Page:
Washington’s reaction to the news was mixed: while the US State Department said it was not intending to negotiate the withdrawal of forces, US Secretary of State Mike Pompeo stated three days later that the two countries would discuss the reduction of American troops in Iraq. Additionally, US Defense Secretary Mark Esper revealed that American troops will not be stationed in in Iraq “interminably”, but failed to clarify when they will leave.
The US also defended the actions that led to Soleimani’s killing on 3 January and resulted in an escalation of tensions with Iran and the latter’s retaliatory missile strikes on bases hosting American forces in Iraq. Washington believes that the airstrike was legitimate, while Iraqi lawmakers disagreed.
Nonetheless, if any reader still thinks the US wants peace in the Middle East, or at least is still confused by the contradictory narratives between the high-paid propagandists on the US side and reports from the Middle East and elsewhere, the report appearing below, also from Al-Masdar will hopefully disabuse you of fantasies.
Russia accuses US of hindering peace talks with Syrian gov’t and Kurds
February 2, 2020
BEIRUT, LEBANON (4:00 P.M.) – The Russian ambassador to Syria, Alexander Yevimov, said on Monday that the armed American presence on the eastern bank of the Euphrates and the Al-Tanf region is hindering dialogue between Damascus and Syrian Democratic Council (SDC), and that dialogue cannot lead to positive results under the current circumstances.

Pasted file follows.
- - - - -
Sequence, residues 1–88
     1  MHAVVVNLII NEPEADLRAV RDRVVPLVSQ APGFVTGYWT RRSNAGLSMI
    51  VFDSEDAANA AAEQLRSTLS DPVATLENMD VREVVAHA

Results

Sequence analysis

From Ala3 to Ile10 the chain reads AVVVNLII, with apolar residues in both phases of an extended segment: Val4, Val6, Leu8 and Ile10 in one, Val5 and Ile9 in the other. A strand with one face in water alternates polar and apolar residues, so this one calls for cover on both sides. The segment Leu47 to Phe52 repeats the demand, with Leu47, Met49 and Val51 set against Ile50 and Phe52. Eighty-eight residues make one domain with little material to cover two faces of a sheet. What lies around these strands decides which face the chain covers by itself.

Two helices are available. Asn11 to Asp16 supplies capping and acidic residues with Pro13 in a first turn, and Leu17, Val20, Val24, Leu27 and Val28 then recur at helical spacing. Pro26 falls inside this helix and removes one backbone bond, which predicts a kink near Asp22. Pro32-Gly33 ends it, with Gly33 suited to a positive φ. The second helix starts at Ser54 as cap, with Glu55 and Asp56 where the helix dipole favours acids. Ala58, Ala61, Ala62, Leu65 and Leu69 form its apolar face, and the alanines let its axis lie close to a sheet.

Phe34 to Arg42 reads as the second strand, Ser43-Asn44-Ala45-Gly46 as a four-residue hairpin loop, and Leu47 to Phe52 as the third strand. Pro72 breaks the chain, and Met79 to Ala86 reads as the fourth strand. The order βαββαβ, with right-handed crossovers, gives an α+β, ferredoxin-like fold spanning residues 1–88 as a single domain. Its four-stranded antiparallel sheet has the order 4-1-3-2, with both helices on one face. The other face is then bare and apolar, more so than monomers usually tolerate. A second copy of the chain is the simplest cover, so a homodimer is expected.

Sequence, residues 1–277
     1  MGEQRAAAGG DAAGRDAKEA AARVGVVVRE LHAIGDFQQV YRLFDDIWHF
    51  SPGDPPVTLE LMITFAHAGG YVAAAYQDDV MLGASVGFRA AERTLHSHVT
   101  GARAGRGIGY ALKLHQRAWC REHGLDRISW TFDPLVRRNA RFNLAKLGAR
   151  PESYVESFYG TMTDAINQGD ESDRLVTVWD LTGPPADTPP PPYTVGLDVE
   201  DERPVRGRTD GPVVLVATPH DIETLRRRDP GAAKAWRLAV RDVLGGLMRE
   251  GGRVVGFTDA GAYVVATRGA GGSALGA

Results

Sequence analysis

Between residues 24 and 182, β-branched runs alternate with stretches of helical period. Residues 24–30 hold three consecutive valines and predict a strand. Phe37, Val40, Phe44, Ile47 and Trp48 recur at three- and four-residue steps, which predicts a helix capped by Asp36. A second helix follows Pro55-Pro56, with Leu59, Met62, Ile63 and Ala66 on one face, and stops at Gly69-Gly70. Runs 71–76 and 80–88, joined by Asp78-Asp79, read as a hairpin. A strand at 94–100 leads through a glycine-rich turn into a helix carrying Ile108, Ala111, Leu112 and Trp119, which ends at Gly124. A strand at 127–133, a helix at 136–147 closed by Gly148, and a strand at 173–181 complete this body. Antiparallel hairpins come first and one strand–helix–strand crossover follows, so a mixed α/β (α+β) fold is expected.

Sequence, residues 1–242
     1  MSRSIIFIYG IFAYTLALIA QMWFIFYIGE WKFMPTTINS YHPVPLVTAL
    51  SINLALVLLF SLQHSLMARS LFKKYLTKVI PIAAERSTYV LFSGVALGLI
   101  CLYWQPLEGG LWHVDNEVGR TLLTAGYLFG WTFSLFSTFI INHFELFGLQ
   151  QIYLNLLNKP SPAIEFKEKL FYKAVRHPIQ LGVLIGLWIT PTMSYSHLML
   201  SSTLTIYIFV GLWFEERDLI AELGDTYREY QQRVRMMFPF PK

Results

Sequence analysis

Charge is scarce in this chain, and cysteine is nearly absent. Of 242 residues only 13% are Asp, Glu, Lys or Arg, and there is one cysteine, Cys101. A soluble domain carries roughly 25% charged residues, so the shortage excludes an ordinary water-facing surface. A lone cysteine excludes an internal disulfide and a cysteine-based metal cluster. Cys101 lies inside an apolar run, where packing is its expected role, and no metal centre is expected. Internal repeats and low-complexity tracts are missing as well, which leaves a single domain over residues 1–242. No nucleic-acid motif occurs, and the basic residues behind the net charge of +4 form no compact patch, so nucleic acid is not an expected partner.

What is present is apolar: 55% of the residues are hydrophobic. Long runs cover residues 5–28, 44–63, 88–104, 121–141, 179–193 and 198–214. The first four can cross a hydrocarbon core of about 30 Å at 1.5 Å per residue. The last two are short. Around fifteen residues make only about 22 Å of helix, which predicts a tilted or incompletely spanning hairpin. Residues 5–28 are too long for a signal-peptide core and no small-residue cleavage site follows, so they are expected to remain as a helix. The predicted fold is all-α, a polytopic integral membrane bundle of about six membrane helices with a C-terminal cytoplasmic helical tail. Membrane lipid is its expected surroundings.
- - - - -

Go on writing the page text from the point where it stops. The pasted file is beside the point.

Yevimov said in an interview with Sputnik Arabic: “Concerning the Kurds specifically, there are subtle differences, that the idea of dialogue with them, as far as we can understand it, is not rejected by the leadership of the country, in the end they are Syrians. However, there is an influence of the external factor. First and foremost, it is the Americans, who, despite all previous statements from Washington, and the rules and principles of international law, still maintain their armed and illegal presence on the eastern bank of the Euphrates, as well as the area of Al-Tanf.”
The Russian ambassador emphasized that “the dialogue between Damascus and the Kurds continues in one way or another, but does not lead to positive results under the current circumstances. We proceed from the belief that things will improve if Syrian sovereignty over northeast Syria and the Euphrates is restored, and the complete withdrawal of foreign forces from there.”
In a related context, an informed Syrian source denied the possibility of joint action against the “Kurdish People’s Protection Units”, stressing that the recent (Russian-Syrian-Turkish) tripartite talks were confined to the Turkish withdrawal from all Syrian lands.